Yemen's Minister of Local Administration and head of the Supreme Relief Committee, 'Abd Al-Raqib Fath, said that supporting the Houthi coup militia by providing it with 20 demining vehicles "is completely at odds with the UN's own principles as well as with international and humanitarian norms. The UN organizations," he added, "should support the Yemeni government and the efforts of the [Saudi] MASAM project to remove the mines planted by the [Houthi] militias in Yemen, which include over 1,200,000 naval mines, landmines and explosive charges… Those who kill people with mines do not remove them."[6] 

Criticism of the UN was also expressed on social media, some of it under the English and Arabic hashtag "UNDP funds Houthis' landmines." A user from Aden, Lina Saleh Al-'Adani, posted the image that accompanied the UN report on the transfer of the vehicles, and wrote: "The weirdest report in the world: the UN  gave the Houthis 20 vehicles today to help them clear mines! How is that [supposed to work], when it is the Houthi   militias themselves that plant the mines all over Yemen? Weirder still is that the head of YEMAC is a partner of the UN program in Yemen."[7]

 


Lina Saleh Al-'Adani's tweet

Report: UN Vehicles Were Showcased In Houthi Military Parade

Yemeni officials and media affiliated with the Yemeni government reported that a parade held by the Houthis in Hodeidah on the occasion of International Qods Day (a day instigated by the Iranian regime, dedicated to solidarity with the Palestinian cause and opposition to Israel) featured, among other gear, the vehicles provided by the UNDP to YEMAC, as well as vehicles bearing the portrait of Iranian Supreme Leader Ali Khamenei and Hizbullah flags. The reports also noted that, according to the Stockholm agreement on a ceasefire in Hodeida and its ports, signed by the Houthis on December 13, 2018, the city is supposed to be demilitarized. [8]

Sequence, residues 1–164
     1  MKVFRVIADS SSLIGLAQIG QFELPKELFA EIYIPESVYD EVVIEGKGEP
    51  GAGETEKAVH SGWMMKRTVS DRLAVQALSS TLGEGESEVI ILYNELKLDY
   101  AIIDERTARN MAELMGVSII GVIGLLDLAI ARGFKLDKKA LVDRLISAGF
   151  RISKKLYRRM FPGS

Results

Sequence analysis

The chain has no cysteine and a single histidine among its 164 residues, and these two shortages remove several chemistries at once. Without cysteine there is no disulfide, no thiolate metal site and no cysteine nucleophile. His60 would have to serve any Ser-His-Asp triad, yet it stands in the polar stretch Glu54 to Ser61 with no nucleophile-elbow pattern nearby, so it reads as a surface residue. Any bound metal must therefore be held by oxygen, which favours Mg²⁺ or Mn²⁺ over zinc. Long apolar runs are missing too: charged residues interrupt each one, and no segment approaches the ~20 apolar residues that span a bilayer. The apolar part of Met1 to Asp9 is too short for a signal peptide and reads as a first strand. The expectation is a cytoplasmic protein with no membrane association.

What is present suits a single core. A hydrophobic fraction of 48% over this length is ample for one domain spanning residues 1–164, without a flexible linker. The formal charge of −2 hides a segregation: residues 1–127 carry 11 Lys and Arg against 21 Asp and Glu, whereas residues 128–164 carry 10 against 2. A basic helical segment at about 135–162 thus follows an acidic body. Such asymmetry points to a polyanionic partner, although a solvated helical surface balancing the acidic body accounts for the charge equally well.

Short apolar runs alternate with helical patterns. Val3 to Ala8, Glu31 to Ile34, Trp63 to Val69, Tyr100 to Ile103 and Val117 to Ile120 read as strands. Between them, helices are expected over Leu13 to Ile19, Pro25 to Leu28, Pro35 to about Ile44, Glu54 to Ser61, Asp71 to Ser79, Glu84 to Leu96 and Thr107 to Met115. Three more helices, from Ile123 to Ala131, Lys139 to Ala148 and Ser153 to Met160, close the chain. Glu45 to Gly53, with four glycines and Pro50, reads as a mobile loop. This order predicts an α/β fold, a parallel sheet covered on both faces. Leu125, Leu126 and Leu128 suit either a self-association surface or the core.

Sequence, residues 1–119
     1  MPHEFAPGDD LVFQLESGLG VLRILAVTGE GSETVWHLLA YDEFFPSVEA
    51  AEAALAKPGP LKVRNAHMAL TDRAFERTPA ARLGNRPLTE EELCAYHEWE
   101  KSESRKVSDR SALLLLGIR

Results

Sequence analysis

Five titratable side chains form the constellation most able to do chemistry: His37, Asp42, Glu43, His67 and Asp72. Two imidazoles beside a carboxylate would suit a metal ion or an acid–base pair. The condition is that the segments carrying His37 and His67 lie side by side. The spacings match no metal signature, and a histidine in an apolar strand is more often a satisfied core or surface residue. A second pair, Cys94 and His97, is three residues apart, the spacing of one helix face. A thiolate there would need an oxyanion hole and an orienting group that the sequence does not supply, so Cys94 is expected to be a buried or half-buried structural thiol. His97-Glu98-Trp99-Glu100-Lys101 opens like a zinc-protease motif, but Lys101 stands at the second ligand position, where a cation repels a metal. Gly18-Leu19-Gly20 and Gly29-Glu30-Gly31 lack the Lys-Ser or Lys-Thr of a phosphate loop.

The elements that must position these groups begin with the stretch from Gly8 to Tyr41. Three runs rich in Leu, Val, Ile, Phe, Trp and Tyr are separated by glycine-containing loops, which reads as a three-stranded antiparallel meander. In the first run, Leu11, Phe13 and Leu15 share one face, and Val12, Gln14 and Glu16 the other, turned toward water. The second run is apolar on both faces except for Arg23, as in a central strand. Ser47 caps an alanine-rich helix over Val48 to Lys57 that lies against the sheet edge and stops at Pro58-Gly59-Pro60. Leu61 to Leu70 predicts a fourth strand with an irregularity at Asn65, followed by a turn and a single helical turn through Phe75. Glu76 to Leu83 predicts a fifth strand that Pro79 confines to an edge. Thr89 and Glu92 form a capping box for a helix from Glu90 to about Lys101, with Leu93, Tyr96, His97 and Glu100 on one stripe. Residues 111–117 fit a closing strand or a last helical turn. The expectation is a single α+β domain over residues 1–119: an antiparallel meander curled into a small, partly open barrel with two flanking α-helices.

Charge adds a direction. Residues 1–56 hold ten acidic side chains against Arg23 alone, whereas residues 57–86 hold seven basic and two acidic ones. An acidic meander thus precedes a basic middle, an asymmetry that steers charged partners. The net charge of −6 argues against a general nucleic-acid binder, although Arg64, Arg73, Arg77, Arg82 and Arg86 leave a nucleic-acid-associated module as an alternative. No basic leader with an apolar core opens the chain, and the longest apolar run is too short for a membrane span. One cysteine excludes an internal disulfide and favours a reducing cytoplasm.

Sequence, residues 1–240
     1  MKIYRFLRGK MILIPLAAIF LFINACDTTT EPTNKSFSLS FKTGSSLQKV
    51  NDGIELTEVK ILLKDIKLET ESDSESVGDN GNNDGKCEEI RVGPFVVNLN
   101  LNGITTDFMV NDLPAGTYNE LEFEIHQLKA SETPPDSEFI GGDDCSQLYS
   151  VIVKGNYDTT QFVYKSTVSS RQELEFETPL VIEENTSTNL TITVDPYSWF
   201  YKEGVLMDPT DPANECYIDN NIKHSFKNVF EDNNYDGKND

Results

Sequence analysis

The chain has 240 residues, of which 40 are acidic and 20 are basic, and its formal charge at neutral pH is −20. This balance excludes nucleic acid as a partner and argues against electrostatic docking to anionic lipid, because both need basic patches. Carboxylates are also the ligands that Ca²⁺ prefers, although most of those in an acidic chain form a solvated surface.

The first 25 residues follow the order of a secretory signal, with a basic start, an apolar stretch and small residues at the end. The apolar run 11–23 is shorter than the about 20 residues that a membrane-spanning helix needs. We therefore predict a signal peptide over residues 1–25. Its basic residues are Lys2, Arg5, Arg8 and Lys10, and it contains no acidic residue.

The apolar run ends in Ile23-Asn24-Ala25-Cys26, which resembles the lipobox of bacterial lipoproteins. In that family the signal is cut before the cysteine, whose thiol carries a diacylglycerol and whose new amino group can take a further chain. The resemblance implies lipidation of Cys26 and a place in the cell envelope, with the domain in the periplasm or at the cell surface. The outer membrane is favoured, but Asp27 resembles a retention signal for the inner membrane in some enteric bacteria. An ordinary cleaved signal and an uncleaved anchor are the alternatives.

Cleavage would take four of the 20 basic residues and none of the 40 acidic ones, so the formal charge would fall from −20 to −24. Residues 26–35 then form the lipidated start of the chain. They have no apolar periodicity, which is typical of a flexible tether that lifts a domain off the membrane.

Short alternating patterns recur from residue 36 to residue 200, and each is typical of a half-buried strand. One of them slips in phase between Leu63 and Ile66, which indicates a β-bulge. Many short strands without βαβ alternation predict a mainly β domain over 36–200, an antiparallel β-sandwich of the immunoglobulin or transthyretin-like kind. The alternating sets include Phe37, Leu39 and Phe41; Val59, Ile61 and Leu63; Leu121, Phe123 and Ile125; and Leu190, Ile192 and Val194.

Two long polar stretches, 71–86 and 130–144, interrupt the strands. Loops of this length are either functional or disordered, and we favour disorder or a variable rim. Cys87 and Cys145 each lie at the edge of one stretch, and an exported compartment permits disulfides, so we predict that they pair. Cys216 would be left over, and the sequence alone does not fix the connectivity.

The Yemeni Information Minister's tweet

The London-based daily Al-Sharq Al-Awsat reports that on June 1, the Houthis began using the vehicles to transport fighters and lay new mines in areas under their control on Yemen's western coast, while Houthi officials are holding talks with UN representatives in Sanaa to receive additional aid.[9] It should be noted that the Yemeni government has repeatedly complained that the UN is biased in favor of the Houthis, accepts their presence in Hodeidah and ignores their blatant violations of the Stockholm agreement.[10] In fact, on May 21, 2019, the Yemeni parliament instructed the government to stop cooperating with the UN Special Envoy to Yemen Martin Griffiths, on the grounds that he acts contra to UN resolutions and the Stockholm agreement, and ignores the fact that the Houthis' withdrawal from the Hodeidah ports is mere pretense.[11]

 

[1] Ye.one.un.org, May 27, 2019.

[2] Ye-yemac.org/about.

[3] Qposts.com, August 28, 2018.

[5] Twitter.com/ERYANIM, May 29, 2019.

[6] Al-Sharq Al-Awsat (London), June 2, 2019.

[7] Twitter.com/w2mgAfzEcURlxTK, May 28, 2019.

[8] Al-Sharq Al-Awsat (London), June 2, 2019; adennews.com, June 1, 2019.

[9] Al-Sharq Al-Awsat (London), June 2, 2019.

[10] Al-Quds Al-Arabi (London), May 16, 2019; 'Okaz (Saudi Arabia), March 26, 2019.

[11] Alarabiya.net, May 22, 2019.